1. How do I know if I need counselling?
First of all, remember that seeing a counsellor doesn't mean that there is something wrong with you. Many people choose to see a counsellor just so they can 'off-load' the events or feelings of the week. Others may bring a specific issue that they need help in understanding or resolving. When thinking about whether you need counselling, it might be helpful to ask yourself a number of questions. If you can answer 'yes' to one or more it may indicate that counselling could help:
Are my relationships beginning to suffer? Do I feel anxious/depressed/troubled for a significant amount of the time? Do I often feel like or find myself crying? Do I often feel overwhelmed by life or the particular problem I have? Do I often feel confused and find making decisions difficult? Am I drinking more to help me cope with things? Do I often have trouble sleeping or often wake up in the early hours of the morning? Is my eating affected? Am I eating less/more than normal?
2. How long is the counselling likely to take?
This is really dependent on the individual problem(s) and the individual client. Some people bring very specific problems that can be resolved relatively quickly, over the course of a number of sessions. Others may have more deeply entrenched difficulties that date back some years, and these can take longer to work through.
Many people feel that whilst they have resolved the issues that they sought help for, they still value the opportunity to have an hour each week where they can reflect upon their feelings, thoughts and events. The client and I regularly assess progress throughout the sessions, and ultimately it is up to the client to decide how long the counselling will continue for.
3. How flexible can the counselling appointments be?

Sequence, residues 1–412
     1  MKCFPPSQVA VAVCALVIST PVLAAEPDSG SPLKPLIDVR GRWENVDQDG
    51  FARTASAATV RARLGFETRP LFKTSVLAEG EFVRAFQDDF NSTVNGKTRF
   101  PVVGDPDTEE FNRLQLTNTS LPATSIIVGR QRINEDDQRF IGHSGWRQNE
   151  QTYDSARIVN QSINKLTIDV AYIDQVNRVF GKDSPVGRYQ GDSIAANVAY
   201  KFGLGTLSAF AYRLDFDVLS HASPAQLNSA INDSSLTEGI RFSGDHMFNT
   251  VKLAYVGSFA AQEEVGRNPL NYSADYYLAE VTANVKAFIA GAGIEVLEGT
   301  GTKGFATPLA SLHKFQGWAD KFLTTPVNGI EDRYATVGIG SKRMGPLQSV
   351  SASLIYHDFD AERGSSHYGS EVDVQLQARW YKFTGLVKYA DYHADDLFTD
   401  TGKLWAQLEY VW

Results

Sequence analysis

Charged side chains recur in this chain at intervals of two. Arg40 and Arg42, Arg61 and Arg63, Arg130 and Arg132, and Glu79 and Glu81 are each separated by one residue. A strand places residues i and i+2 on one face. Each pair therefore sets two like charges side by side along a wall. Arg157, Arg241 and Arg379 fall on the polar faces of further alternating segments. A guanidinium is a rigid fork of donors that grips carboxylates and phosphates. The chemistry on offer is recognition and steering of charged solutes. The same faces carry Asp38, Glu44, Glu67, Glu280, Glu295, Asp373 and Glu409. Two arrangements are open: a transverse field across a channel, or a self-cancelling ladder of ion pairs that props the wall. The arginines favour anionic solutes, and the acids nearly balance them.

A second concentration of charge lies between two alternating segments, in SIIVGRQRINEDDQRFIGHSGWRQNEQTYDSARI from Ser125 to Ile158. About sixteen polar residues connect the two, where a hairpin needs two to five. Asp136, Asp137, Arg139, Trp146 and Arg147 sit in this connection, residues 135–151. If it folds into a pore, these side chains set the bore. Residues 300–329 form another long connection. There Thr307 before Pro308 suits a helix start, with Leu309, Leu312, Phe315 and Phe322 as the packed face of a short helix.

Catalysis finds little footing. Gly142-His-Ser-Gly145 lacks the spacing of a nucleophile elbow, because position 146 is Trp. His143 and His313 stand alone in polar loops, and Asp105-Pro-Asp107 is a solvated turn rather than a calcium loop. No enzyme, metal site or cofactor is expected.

Generally speaking, appointments are at the same time each week, but I do try to be flexible. If the scheduled appointment presents an unavoidable problem one week, I would do my best to try and find another time when the client and I could meet.
4. What training and qualifications should my counsellor have?
Guidelines recommend that in order to practise, counsellors should have completed at least an appropriate diploma. Accreditation/registration with a professional body (e.g. BACP, UKCP) means a counsellor/psychotherapist has satisfied certain rules on training, practice and ethics to gain professional recognition. For example, the BACP's Individual Counsellor Accreditation scheme requires a minimum of:
450 hours of formal training (on a BACP Accredited diploma or other substantial counselling course)
450 hours of supervised practice with clients (150 hours of this must have been achieved after the diploma)
Counsellors and psychotherapists should also have ongoing supervision with a registered supervisor.
I hold a Masters degree in Counselling and Psychotherapy from Regents College School of Counselling and Psychotherapy in London (2002) and am also an Accredited Member of the BACP. I receive fortnightly supervision and undertake continuing professional development.
5. Is the counselling confidential?
Yes it is. What is discussed within the counselling sessions stays in the counselling sessions. The only circumstance where confidentiality might be broken is if the client poses a serious risk either to him/herself or someone known to the client. I would always try to discuss the need for a break in confidentiality with the client first and the reasons for this.
6. How long does each session last?
Each face to face counselling session lasts for 50 minutes, the so called 'counselling hour'. This is so that if another client is due at the following hour, clients can come and go without having to bump into each other! It also means that I have the time to feel properly refreshed and focused to meet each individual client. Telephone counselling sessions last 40 minutes.
7. What style, techniques and approaches will my counsellor use?
Generally speaking, psychological therapies fall into three categories. These are behavioural therapies which focus on cognitions and behaviours, psychoanalytical and psychodynamic therapies which focus on the unconscious relationship patterns that evolved from childhood, and humanistic therapies which focus on looking at the 'here and now'. I have training in all three of these approaches. I work integratively, which means that I use a number of different counselling models depending on the individual client and the individual problem.